Many job seekers know that companies often look to hire individuals with a high level of energy, and it's not hard for candidates to act more energetic during an interview than they normally would in their routine workday. As a result, it's helpful for an interviewer to assess the candidates as a whole during the interview process, asking not just about their goals for their professional lives but also about their personal interests. Highly energetic people tend to be energetic not just about their jobs but also about their lives overall, so they tend to have passions beyond their career. Asking candidates about their hobbies can help distinguish those who are involved in their community, marathon runners, lifelong students of the arts and avid readers from those who are couch potatoes when they are away from work.
When asked about their goals for their professional lives, if candidates respond by eagerly and enthusiastically discussing their long-term plans, that's a good sign they have enough energy to pursue those goals vigorously. When evaluating a candidate's energy level in their professional life, it also can be telling to ask them about a time in their career when they had capacity to take on more work than currently was on their plate, and what they did about it. A candidate who responds by talking about helping out another department with a task or implementing a proactive project for their own department is likely to be more energetic at work than someone who claims never to have had the time to seek out more work during the course of their career.
How can you tell which candidates want the job just for the paycheck and which candidates are motivated to be a part of something larger than themselves and the desire to help grow a business? One sign you've found a candidate in the latter category is when they ask questions that make them appear skeptical about the job/company because they are inquisitive, curious and eager for more information. The candidates who ask the most specific questions—and the hardest questions to answer—may be the ones who have given the most thought to the role itself instead of just focusing on finding a job for the sake of a paycheck.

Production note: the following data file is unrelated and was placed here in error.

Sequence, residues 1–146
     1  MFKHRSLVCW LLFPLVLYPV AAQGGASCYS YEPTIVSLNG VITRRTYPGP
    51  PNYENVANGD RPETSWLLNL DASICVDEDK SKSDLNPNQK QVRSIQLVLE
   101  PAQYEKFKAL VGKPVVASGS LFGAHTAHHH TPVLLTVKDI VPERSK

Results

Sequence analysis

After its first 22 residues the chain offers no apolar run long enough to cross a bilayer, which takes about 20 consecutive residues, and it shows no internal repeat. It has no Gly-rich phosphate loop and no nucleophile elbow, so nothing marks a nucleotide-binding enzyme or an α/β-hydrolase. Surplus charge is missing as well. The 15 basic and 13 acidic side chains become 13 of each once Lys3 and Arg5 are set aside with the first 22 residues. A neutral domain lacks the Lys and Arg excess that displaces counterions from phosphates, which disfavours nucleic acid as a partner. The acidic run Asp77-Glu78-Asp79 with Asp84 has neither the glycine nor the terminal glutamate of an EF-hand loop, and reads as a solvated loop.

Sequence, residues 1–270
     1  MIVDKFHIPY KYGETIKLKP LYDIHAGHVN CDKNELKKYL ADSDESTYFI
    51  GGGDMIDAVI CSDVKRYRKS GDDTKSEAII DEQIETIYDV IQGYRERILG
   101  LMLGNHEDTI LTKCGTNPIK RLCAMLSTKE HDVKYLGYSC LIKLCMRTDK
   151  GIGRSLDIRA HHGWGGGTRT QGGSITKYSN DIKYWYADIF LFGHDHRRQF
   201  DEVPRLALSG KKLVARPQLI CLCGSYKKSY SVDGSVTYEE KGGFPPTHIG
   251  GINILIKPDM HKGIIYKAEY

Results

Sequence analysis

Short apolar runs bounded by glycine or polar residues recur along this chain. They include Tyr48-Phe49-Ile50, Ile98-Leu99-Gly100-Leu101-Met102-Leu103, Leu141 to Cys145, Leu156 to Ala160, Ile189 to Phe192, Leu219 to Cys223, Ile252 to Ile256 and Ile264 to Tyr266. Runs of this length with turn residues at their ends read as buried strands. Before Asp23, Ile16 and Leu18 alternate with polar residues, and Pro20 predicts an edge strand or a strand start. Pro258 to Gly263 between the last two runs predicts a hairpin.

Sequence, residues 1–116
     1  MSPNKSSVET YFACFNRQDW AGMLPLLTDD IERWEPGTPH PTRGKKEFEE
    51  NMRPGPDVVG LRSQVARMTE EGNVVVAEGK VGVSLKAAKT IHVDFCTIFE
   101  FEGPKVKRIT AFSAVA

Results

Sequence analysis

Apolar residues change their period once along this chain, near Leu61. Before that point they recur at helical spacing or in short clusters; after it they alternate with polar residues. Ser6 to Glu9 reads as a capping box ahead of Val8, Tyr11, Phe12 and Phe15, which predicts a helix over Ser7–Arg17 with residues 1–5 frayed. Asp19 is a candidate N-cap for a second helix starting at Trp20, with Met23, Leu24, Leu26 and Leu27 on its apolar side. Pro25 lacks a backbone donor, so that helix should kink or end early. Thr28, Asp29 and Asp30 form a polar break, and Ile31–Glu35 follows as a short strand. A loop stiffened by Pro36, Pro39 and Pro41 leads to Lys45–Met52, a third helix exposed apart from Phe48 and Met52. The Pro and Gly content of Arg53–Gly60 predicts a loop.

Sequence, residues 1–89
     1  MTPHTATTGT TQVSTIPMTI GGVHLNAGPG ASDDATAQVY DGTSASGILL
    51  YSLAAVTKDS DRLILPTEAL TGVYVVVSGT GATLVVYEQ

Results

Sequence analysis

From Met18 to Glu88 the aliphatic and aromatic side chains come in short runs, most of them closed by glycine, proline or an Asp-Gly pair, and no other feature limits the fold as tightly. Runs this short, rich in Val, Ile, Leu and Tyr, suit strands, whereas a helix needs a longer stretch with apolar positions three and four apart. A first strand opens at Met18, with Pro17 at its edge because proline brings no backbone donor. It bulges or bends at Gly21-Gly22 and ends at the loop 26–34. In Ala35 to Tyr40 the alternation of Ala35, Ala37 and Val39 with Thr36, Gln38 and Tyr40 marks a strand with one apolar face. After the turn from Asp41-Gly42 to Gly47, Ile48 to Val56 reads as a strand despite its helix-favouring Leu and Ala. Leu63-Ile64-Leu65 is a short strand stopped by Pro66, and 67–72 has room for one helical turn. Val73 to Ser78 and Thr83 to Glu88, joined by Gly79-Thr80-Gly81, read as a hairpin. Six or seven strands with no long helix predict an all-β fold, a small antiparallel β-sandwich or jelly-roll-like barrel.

Another good way to evaluate someone's motivation and drive is to assess how they handle the inevitable obstacles that confront us all from time to time. Highly motivated individuals generally are resilient, and someone who can stay on task despite facing unanticipated hurdles is more likely to be motivated in the workplace. One way to assess this is to ask about obstacles the candidate faced either at work or in their personal life and how they responded. If your candidate managed to find ways over, under or around significant, unexpected hurdles on more than one occasion, then that can be a good sign that they are motivated and driven in their daily life.
Focusing on these intangible skill sets during an interview can provide valuable information when it comes time to determine which candidate is the best fit for your position. In many cases, there are numerous job applicants who have the technical ability to perform the job for which they applied so an assessment of the skills not readily ascertainable from their resumes is often a determining factor in the ultimate hiring decision. As a result, an interviewer's ability to accurately assess the intangibles is a key step in ensuring that the hiring process is a success.
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Melba Hughes is a Partner with Major, Lindsey & Africa's Atlanta office, where she is a member of the In-House Practice Group. Melba conducts senior level searches, including General Counsel and strategic leadership positions. She has successfully completed placements throughout the country and in a variety of industries and organizations. She can be reached at (404) 601-1618 and firstname.lastname@example.org.
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Kimberly Lerman is a Director in the In-House Practice Group of Major, Lindsey & Africa's Atlanta office. She specializes in placing attorneys in corporate legal departments in a wide range of industries. Kimberly can be reached at (404) 601-1621 and email@example.com.